When it comes to Jurassic World, science errors were likely to be inevitable. After all, even in the fictional universe of the story, Jurassic World’s dinosaurs were created by B.D. Wong’s character, geneticist Henry Wu, to not be natural in the first place. Issues like feathered dinosaurs may make some scientists cringe at Jurassic World’s science, but paleontologist Jack Horner thinks they are missing the point.
In a related report by the Inquisitr, some scientists believe genetically engineered dinosaurs could be a reality within a decade, although the same was said by some after the release of Jurassic Park about 20 years ago.
The main focus of the movie is the creation of the Indominus Rex, a fictional dinosaur that is completely genetically engineered from the ground up. But the movie itself even admits that it has science errors since the dinosaurs were engineered to appear how audiences expected them to be in real life.
For example, velociraptors are now claimed to be feathered dinosaurs about the size of a large turkey. Raptors must likely would have been targeting smaller lizards for their meals, not bigger prey like humans. In addition, they supposedly would not move like a wolf pack, although that’s a defining moment of the film.
Jack Horner provided advice to Steven Spielberg on the science of dinosaurs for all of the movies, and due to this fact some other scientists have criticized him. Horner believes these objections are misplaced.
“It’s a movie, a fictional movie. The last thing it needs to be is scientifically grounded,” said Horner, according to CBS. “Steven Spielberg and Colin and everybody were interested in at least having as much grounded as possible but without ruining the movie. They wanted the dinosaurs to be as accurate as possible. But once they are accurate looking, they become the actors and they obviously do thing that real animals wouldn’t do – like chasing people all over the place and breaking into buildings just to eat a person.”
For example, Jurassic World’s pterosaurs are capable of picking up humans and flying away, yet Horner admits “we don’t have any flying animals at any point in time that could pick up humans.” Other scientists who spoke to The Washington Post noted that pterosaurs’ “bones are like paper” and it would probably be easy to crush them in defense, or ring their necks since the neck bones are not thick.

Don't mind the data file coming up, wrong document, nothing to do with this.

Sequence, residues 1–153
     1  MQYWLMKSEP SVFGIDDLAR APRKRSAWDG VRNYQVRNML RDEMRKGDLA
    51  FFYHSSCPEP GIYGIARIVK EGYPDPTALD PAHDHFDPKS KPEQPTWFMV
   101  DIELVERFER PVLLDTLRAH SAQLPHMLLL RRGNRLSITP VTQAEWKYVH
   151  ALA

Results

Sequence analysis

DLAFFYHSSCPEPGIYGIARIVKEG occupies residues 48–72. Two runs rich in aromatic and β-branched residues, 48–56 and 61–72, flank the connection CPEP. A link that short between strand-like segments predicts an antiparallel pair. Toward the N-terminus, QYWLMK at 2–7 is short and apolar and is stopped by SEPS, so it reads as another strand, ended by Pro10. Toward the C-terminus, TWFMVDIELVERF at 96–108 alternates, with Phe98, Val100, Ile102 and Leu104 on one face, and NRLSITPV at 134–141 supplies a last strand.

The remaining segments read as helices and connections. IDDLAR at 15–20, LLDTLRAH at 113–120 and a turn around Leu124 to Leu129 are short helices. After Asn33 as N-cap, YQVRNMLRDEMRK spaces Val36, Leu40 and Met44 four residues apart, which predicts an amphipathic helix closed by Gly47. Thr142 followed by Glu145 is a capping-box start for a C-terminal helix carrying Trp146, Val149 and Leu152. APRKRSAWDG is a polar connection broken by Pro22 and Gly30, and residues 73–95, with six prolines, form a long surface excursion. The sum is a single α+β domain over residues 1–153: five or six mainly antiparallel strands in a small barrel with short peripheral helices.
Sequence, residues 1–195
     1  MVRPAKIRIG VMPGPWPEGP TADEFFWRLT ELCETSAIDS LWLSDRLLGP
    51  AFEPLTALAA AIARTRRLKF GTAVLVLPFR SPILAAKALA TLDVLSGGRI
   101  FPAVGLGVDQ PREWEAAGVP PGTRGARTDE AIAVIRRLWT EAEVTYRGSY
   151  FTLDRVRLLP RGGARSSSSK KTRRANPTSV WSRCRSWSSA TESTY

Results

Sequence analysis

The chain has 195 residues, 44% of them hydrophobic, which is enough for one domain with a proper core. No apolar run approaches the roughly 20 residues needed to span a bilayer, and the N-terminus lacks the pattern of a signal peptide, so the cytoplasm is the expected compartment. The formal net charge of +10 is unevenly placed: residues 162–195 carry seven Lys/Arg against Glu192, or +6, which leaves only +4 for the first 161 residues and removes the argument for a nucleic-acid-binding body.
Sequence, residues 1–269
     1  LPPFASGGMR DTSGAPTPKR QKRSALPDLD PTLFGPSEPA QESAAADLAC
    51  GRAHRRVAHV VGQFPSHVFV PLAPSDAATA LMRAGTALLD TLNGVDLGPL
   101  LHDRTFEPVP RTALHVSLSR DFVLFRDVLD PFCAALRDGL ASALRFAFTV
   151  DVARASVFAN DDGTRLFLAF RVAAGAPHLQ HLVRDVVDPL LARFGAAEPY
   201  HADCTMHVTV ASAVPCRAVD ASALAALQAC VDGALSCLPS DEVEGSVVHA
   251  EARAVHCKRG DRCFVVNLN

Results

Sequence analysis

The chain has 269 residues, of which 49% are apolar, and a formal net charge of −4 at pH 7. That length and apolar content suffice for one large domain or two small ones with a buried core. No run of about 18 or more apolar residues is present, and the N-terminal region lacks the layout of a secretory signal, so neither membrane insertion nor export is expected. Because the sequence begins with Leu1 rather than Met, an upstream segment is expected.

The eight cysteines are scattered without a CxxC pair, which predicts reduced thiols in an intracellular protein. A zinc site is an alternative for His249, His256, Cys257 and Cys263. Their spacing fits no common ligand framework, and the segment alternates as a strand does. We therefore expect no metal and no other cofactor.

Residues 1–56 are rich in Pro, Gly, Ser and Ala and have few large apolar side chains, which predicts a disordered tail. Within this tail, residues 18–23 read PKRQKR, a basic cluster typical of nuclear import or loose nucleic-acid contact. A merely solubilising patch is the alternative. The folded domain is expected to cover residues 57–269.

Jurassic World’s science errors extend beyond that. For example, how do you extract the blood for an aquatic dinosaur like the mosasaur from a mosquito? The movie also focused heavily on practically every known dinosaur predator while herbivores were limited to scary dinosaurs well-known by the public. The environment itself was odd since dinosaurs did not live in rain forests, and even if they did it is likely that the bigger dinosaurs would have reshaped the landscape by pulling down trees left and right.
But Jurassic World is not all that bad since science trends seem to change every so many years. For example, it is completely in vogue to claim feathered dinosaurs now, but scientists at London’s Natural History Museum, the Royal Ontario Museum in Canada and Uppsala University in Sweden all believe the standard scaly dinosaur may be the reality for the majority of species.
“Using a comprehensive database of dinosaur skin impressions, we attempted to reconstruct and interpret the evolutionary history of dinosaur scales and feathers,” says Paul Barrett of the Natural History Museum, according to FT Magazine. “Most of our analyses provide no support for the appearance of feathers in the majority of non-avian dinosaurs. Although many meat-eating dinosaurs were feathered, the majority of other dinosaurs, including the ancestor of all dinosaurs [about 230 million years ago], were probably scaly.”
Still, the lack of any feathered dinosaurs was fairly notable, so Jack Horner provided the reason why Jurassic World’s dinosaurs were plucked clean.
“We have to maintain consistency across movies. You can’t bring dinosaurs back in the first movie and not have feathers, and then bring back dinosaurs in the fourth movie WITH feathers. We just need to maintain the consistency and y’know, the raptors in Jurassic World are really cool. And I don’t think that missing feathers on their arms is going to take anything away from the movie…. A technicolor-feather-dinosaur is not as scary as the dinosaurs that are depicted in the movie.”
Regardless of Jurassic World’s science errors, Horner also believes a genetically engineered dinosaur is just a matter of time, but he also claims the first result will probably be something that’s hardly scary: a Chickenosaurus.
[Image via Universal]